For more than a millennium of time, the Law of Moses outlived Moses himself. Its shining pieces — 613 divine commands — were intended to fit together in one. Of course, that could happen only if they were obeyed together in one. In this way, it could be a wonderful, life-long school, a way of life. In fact, life itself.
Elements of the Mosaic Law ranged from moral standards to personal hygiene, from civil jurisprudence to environmental protection, from ritual in worship to management in the home. The result was a peaceful and healthy setting, the opportunity for a dignified and purposeful life.
But for every willing mind, there was more. All those diverse elements constantly focused on one single meaning: the great friend of the faithful, the giver and upholder and center of life, the Messiah.
And the students for whom this special schooling was designed? Israel.
Israel was one people, but located in several places. There was more than one class in this special school during its term of 11 or 12 hundred years.
The biblical testimony profiles one branch of Israel, the Jews. The Book of Mormon testimony shows us another, the branch that we call Lamanites and Nephites.
By and large, the class we find in the Bible was an easily distracted people. They had a condition that could be called S.A.D., for Spiritual Attention Deficit. Yet, as wayward as Jewish Israel was for generations at a time, it was entirely able to turn around. And the effort was entirely worth it. Otherwise, why would God, who does not approve of wasting time, persist in urging them, sending teachers and helpers to them and waiting for them through those long centuries? He is a pattern for every parent with a distracted or pouting or straying child.
In the Book of Mormon, we find groups that caught on to the curriculum. For them, the Law of Moses became more than an attention-getter.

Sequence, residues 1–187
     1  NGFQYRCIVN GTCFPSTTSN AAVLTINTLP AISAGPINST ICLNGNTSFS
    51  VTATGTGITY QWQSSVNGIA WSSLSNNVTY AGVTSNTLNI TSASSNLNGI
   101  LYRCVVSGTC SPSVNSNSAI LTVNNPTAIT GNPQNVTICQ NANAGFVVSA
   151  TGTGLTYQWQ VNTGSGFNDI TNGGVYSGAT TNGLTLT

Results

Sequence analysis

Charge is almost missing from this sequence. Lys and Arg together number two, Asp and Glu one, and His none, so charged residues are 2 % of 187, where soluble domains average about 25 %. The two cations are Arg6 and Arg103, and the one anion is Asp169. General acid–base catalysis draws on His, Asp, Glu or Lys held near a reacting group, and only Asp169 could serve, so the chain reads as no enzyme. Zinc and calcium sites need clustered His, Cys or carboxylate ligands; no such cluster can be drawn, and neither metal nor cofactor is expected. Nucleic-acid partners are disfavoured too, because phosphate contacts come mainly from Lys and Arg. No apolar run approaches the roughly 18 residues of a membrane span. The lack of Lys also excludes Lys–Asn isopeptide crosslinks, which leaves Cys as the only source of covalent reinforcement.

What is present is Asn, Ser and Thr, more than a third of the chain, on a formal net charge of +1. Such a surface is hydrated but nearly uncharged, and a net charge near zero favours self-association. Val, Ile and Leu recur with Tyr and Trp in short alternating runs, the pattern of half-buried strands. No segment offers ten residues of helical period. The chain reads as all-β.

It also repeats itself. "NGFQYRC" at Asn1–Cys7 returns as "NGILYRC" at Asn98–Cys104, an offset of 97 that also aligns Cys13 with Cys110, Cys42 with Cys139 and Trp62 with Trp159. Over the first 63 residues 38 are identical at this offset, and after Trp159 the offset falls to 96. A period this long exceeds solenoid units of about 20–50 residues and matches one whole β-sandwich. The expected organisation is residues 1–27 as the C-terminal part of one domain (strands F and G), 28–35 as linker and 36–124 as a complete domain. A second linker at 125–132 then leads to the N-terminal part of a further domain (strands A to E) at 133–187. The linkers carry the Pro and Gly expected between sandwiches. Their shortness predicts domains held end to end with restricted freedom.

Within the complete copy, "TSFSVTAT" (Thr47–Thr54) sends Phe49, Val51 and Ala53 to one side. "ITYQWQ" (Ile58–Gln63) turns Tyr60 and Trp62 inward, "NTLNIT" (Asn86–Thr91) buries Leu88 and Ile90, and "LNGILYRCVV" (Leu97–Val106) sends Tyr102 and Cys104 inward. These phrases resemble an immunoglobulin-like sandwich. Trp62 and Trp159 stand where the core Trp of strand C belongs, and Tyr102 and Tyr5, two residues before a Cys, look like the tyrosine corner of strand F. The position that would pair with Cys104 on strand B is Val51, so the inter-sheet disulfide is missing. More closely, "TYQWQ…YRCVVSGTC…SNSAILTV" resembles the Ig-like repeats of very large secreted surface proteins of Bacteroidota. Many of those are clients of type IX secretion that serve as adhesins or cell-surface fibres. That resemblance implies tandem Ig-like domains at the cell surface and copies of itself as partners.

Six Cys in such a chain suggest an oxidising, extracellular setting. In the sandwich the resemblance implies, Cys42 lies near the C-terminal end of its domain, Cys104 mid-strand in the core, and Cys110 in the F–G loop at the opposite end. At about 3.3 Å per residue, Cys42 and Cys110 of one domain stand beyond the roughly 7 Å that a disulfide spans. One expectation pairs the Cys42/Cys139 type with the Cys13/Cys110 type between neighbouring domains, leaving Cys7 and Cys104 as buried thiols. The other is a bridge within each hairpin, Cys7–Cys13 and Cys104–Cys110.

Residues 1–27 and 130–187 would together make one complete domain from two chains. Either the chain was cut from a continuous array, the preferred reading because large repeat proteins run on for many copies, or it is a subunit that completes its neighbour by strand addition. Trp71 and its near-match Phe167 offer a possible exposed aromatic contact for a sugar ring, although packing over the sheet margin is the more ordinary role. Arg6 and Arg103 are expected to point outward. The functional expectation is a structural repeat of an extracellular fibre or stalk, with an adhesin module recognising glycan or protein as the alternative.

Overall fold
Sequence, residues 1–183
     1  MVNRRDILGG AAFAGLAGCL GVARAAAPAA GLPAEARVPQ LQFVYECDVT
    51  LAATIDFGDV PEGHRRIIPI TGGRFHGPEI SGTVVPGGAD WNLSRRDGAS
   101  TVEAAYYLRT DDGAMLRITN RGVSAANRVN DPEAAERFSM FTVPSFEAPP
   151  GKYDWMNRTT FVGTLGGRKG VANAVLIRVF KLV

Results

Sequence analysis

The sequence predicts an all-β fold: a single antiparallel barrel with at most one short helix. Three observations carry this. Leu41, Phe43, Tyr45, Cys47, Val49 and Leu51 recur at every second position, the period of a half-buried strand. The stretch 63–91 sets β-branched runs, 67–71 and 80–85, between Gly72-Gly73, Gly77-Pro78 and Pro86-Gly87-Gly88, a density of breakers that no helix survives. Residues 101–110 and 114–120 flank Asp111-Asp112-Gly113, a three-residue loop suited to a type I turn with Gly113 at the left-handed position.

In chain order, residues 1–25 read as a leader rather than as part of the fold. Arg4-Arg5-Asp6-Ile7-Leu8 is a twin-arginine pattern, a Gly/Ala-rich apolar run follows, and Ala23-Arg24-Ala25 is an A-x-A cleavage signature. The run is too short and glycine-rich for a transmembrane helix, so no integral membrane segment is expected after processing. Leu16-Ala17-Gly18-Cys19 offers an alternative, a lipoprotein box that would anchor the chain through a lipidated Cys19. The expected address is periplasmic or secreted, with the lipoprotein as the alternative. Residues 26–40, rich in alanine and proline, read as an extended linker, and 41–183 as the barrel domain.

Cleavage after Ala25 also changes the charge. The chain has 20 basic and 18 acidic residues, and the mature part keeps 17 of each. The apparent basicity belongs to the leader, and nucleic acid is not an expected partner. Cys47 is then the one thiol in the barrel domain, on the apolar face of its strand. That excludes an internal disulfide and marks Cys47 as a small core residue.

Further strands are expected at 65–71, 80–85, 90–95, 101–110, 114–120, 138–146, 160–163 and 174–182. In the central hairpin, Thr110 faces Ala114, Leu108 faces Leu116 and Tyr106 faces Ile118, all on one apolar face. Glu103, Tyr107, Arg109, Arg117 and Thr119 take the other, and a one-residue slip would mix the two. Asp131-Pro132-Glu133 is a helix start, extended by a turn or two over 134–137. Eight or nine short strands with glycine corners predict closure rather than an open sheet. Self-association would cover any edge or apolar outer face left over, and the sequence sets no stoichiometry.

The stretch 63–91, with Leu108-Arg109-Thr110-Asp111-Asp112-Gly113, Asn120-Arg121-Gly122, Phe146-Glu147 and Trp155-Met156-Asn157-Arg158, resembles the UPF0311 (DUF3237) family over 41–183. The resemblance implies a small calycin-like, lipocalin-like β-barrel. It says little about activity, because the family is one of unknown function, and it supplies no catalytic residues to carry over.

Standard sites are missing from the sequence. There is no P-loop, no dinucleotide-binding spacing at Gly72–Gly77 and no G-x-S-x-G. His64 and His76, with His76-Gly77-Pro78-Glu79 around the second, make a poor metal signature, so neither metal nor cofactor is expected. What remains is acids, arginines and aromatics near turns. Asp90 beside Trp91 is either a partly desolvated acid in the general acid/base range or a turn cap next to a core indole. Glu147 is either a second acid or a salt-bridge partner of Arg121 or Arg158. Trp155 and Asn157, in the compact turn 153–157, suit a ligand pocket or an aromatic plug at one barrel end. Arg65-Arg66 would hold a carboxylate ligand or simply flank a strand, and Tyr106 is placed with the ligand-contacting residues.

One example is the people of Anti-Nephi-Lehi. The record tells us that "they did keep the law of Moses," which can only mean all the elements, the whole way of life, temporal and spiritual, public and private. But instead of a self-imposed, constantly S.A.D. condition, "they did look forward to the coming of Christ, considering that the law of Moses was a type of his coming … until the time that he should be revealed."
They weren't just waiting it out. The Mosaic Law wasn't merely a tedious duty to tolerate until the time limit was up. Instead, it "did strengthen their faith in Christ." It actually boosted their "hope through faith, unto eternal life." It turned up the volume, as it were, on "the spirit of prophecy, which spake of things to come."
This perfect system could adapt to any cooperative student. It could foster growth, whatever the maturity or readiness.
A Jewish spokesman, the apostle Paul, once described the Law of Moses as a "schoolmaster to bring us unto Christ."
Of course, school keeping in the world has occasionally given rise to grossly imperfect schoolmasters — visionless or thoughtless, uncommitted or unkind, disinterested in real learning or disconnected from real learners.
But a schoolmaster sent from heaven would not be imperfect.
The Law of Moses was a wonderful mosaic. Its shining pieces revealed a sum greater than its parts.
It unveiled him who was, and still is, the truth. His promised coming was sure, and it is sure once again. He was worth waiting for, and still is. To discover him, remember him and become one with him was, and still is, the whole law.
(References: Alma 25:15-16; Galatians 3:24)
Wayne E. Brickey, who lives in Gallatin, Mo., is a retired Church Educational System teacher and curriculum writer and has been a tour guide to Holy Land and Mormon history sites.